Colorado law prohibits associations from adopting rules or regulations that effectively prohibit the installation of solar panels on homeowners’ properties, but associations are allowed to adopt reasonable rules governing such installation, which can be based on aesthetic considerations and to prohibit solar panels on common areas. Such rules must also not significantly increase the cost of the solar panels or significantly decrease the effectiveness of the panels.
California has an almost identical statute, which was tested by owners in Tesoro Del Valle Master Homeowners Association. In this particular case, the Griffins, who lived in the Tesoro Del Valle community, decided to install solar panels not only on the roof of their house, but also on a slope adjacent to their property. Prior to installing the solar panels, they submitted an application for approval as was required in the governing documents. The association denied the Griffin’s request to install the solar panels on the basis that the solar panels installed on the slope would be within the line of sight of adjacent homes. The denial was also based on the restrictive covenant that prohibited alteration or removal of landscaping on the slope due to drainage issues. Despite the denial, the Griffins began installation of 36 solar panels on their roof and 22 solar panels on the slope. The association then filed a lawsuit against the Griffins to enforce its covenants and restrictions. A California jury found in favor of the association and this decision was later affirmed by the Court of Appeals. The Appellate Court referred to the California statute allowing associations to impose restrictions with respect to installation of solar panels that do not “significantly increase the cost of the solar energy system or reduce a system’s efficiency or performance.”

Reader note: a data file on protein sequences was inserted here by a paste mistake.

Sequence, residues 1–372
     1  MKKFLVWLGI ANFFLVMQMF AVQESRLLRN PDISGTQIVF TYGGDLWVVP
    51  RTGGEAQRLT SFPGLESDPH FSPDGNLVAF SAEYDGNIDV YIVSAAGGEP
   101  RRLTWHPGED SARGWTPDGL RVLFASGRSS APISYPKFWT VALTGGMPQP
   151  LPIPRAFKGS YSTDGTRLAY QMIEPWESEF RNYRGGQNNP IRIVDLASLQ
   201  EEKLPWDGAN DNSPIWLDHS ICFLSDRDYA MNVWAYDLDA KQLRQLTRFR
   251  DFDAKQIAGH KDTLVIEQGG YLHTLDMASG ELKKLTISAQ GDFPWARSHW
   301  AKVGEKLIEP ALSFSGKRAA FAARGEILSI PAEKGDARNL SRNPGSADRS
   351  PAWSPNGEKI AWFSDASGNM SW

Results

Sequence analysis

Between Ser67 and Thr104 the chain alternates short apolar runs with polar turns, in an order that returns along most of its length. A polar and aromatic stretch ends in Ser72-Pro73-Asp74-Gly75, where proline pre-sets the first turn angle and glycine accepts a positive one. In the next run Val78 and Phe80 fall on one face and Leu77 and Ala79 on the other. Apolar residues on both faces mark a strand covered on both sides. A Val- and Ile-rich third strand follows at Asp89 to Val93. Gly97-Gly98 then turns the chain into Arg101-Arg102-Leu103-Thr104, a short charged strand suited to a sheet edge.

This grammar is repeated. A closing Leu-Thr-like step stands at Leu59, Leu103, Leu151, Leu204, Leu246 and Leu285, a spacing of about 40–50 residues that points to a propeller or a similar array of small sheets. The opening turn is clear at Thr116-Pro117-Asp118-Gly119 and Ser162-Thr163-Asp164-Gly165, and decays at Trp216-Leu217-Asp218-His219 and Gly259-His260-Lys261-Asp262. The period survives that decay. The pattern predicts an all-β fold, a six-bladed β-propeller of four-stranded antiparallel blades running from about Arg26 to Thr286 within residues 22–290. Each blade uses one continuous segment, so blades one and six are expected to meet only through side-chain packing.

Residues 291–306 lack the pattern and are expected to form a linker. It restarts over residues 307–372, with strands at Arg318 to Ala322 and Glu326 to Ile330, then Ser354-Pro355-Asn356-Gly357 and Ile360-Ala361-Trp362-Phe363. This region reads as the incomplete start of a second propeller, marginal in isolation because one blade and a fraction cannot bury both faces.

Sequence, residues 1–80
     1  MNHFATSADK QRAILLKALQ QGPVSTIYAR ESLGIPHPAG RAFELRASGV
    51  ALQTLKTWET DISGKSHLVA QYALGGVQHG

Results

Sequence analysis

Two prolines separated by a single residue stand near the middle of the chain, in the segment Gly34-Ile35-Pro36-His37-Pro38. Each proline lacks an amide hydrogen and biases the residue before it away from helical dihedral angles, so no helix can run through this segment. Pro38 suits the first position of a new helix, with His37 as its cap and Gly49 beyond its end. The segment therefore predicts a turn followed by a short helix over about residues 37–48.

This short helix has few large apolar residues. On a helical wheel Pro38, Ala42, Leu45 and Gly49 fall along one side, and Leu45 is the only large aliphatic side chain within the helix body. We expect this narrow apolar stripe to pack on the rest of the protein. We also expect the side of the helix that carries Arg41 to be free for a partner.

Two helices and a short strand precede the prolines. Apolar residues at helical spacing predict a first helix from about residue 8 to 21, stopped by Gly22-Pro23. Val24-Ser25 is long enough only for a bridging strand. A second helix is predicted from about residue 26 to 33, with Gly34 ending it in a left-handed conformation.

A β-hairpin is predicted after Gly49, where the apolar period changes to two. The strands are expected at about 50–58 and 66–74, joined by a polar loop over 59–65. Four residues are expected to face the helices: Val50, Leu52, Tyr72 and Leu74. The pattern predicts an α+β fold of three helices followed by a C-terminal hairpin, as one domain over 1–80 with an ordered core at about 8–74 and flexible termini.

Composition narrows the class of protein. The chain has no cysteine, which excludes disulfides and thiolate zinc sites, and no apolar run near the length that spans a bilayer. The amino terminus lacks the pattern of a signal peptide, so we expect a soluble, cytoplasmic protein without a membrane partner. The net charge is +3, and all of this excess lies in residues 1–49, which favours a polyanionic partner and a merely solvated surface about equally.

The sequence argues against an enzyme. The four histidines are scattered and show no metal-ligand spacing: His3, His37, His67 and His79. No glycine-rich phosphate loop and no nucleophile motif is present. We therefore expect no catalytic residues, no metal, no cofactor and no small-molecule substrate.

This verbiage is almost identical to the verbiage found in Colorado statute, which begs the question of: how does, or will, this case impact associations in Colorado? Although the California case is not binding on Colorado courts, it’s certainly a case that can be brought up as authority to support an association’s denial of a request to install solar panels based on aesthetic concerns. Also, this case seems to imply that having written standards in place specifically providing what will and will not be allowed is helpful in enforcing a denial of solar panel installation. Does your community have such written standards in place? If not, you should consider adopting a resolution setting forth such standards. If you have any questions regarding solar panels in your association, please contact any of our attorneys at (303) 432-9999.